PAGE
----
What is the Torah and Why is it Important To Jews? Essay Sample
- Pages: 3
- Word count: 793
- Rewriting Possibility: 99% (excellent)
- Category: religion
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The Torah is the holy book of the Jews. It is part of the Tenak and has five books, this is known as the Pentateuh. The Torah is seen, by practising Jews, as a sacred possession and for this reason the real Torah is kept and dressed in the Synagogue, it is used by only the readers and is not even allowed to be touched with their hands. The book is
hands. The book is highly respected.
The Torah contains the 613 Mitzvah, (commandments.) And within these are the 10 sayings. Practising Jews study the Torah as it contains history of the Jews and tradition including Exodus, Moses and Race. Jews celebrate the Torah (rejoice in the law,) at the Simchat Festival.
The Torah is very important to practising Jews as it is a hallowed gift that gives them guidance and contains all of their beliefs.
The Torah directs the lives of the Jews’ in many ways:
Therefore, the Torah is a very valuable possession and is truly honoured.
The Torah also represents the covenant made between a Jew and God, it’s their side of the deal. To a Jew, the Torah is their chance to show they ‘appreciate’ their redemption by keeping to the commandments. The Torah, consequently, is the centre of their lives.
How Might Following the Teachings of the Torah Affect Daily Lives of Devout Jew?
The Torah teaches Jews to follow 613 Mitzvah, (commandments,) and therefore by sticking to these rules they could have to avoid certain activities.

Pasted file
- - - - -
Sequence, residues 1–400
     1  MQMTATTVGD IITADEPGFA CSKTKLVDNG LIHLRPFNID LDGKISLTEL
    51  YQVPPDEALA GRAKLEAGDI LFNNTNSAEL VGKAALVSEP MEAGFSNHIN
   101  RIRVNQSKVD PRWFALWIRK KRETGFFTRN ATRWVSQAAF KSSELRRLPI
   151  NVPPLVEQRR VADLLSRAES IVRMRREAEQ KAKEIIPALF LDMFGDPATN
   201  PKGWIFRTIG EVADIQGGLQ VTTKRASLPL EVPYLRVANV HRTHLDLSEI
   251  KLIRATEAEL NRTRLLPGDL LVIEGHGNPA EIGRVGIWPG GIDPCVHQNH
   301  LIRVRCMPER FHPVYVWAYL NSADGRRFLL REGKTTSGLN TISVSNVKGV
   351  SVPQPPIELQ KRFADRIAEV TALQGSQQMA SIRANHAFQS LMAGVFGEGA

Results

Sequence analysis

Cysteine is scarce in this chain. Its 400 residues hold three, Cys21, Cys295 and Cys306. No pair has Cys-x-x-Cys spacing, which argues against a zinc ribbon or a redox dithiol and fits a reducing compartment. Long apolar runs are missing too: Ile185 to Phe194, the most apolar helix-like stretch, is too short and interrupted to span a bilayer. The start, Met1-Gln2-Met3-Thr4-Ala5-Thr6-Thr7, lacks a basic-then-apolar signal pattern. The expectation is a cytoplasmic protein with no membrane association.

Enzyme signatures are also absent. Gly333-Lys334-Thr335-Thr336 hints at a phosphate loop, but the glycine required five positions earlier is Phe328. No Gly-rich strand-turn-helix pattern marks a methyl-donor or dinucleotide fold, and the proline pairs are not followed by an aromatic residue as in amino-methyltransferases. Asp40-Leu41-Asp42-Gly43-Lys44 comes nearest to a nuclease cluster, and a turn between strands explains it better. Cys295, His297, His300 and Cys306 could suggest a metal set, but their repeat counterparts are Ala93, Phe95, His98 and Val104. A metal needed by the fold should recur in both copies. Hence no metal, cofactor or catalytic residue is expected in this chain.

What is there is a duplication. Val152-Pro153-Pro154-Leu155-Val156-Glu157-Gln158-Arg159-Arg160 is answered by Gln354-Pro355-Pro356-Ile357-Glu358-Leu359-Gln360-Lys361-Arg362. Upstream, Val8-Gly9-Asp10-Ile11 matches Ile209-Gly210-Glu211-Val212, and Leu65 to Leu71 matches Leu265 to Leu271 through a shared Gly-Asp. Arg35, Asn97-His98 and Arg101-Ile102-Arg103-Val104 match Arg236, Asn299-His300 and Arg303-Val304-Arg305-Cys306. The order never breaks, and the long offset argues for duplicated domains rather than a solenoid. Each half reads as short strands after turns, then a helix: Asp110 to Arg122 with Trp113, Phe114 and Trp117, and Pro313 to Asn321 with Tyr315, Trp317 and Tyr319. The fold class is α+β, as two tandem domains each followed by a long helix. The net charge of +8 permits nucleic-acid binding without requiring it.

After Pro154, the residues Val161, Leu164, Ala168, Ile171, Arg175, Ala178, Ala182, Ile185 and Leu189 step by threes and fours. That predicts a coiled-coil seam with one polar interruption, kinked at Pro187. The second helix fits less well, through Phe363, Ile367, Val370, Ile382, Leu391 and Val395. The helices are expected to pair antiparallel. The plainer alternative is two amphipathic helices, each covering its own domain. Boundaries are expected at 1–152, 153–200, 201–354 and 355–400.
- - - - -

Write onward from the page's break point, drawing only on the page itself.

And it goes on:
For example, one of the 10 sayings is to ‘not create/worship idols,’ as a result a practising Jew wishing to keep to the teachings of the Torah would not be able to have a job in the marketing/advertising industry.
Another example of the Torah’s teachings affecting a devout Jew’s life could be excluding themselves from a friend/neighbours dinner party as they cannot eat certain foods and are unable to mix their taught food groups.
In addition, a Jew may be required to give up certain activities or social gatherings to make time for worship/prayer. For example, ‘the Sabbath day should be kept holy,’ and so a Jew would not be able to attend a party on this day if he/she wished to follow the teachings of the Torah.
Another example would be a Jewish child maybe not finding time for homework if he/she has to worship or do Jewish studies, especially if they were preparing for Shabbat/Bar Mitzvah.
Many of the Torah’s teachings could cause inconvenience for a devout Jew, but if their faith is truly important to them, they would be able to work round the dilemmas, putting their religion first.
The Torah Commandments Should Be Adapted to Fit in With Modern Life. Give Reasons For & Against.
Some people would agree with the above statement, such as a teenage Jew who only practices his religion because his parents want him to, or a boyfriend/girlfriend of a Jew who finds it difficult to understand their partners faith.
They could argue that the Torah is thousands of years old and if God could re-write it he would do so to fit in with this day and age. However, a traditional Jew would come back to this by saying that it is strict tradition and the religion still lasts up to today, so does the Torah commandments.
Another argument for the statement could be that the commandments are old fashioned. But an Orthodox Jew would disagree and say that the 10 sayings still apply to life today and are just morals that every human should follow to make the world a better place, I agree with this.
I think that The Torah’s commandments wouldn’t really be hard to follow with modern day life for a true, honouring Jew who is determined to keep to it’s teachings, although to others it may be hard to see it is their religion and the most important thing, (an arguable statement,) in their lives’.
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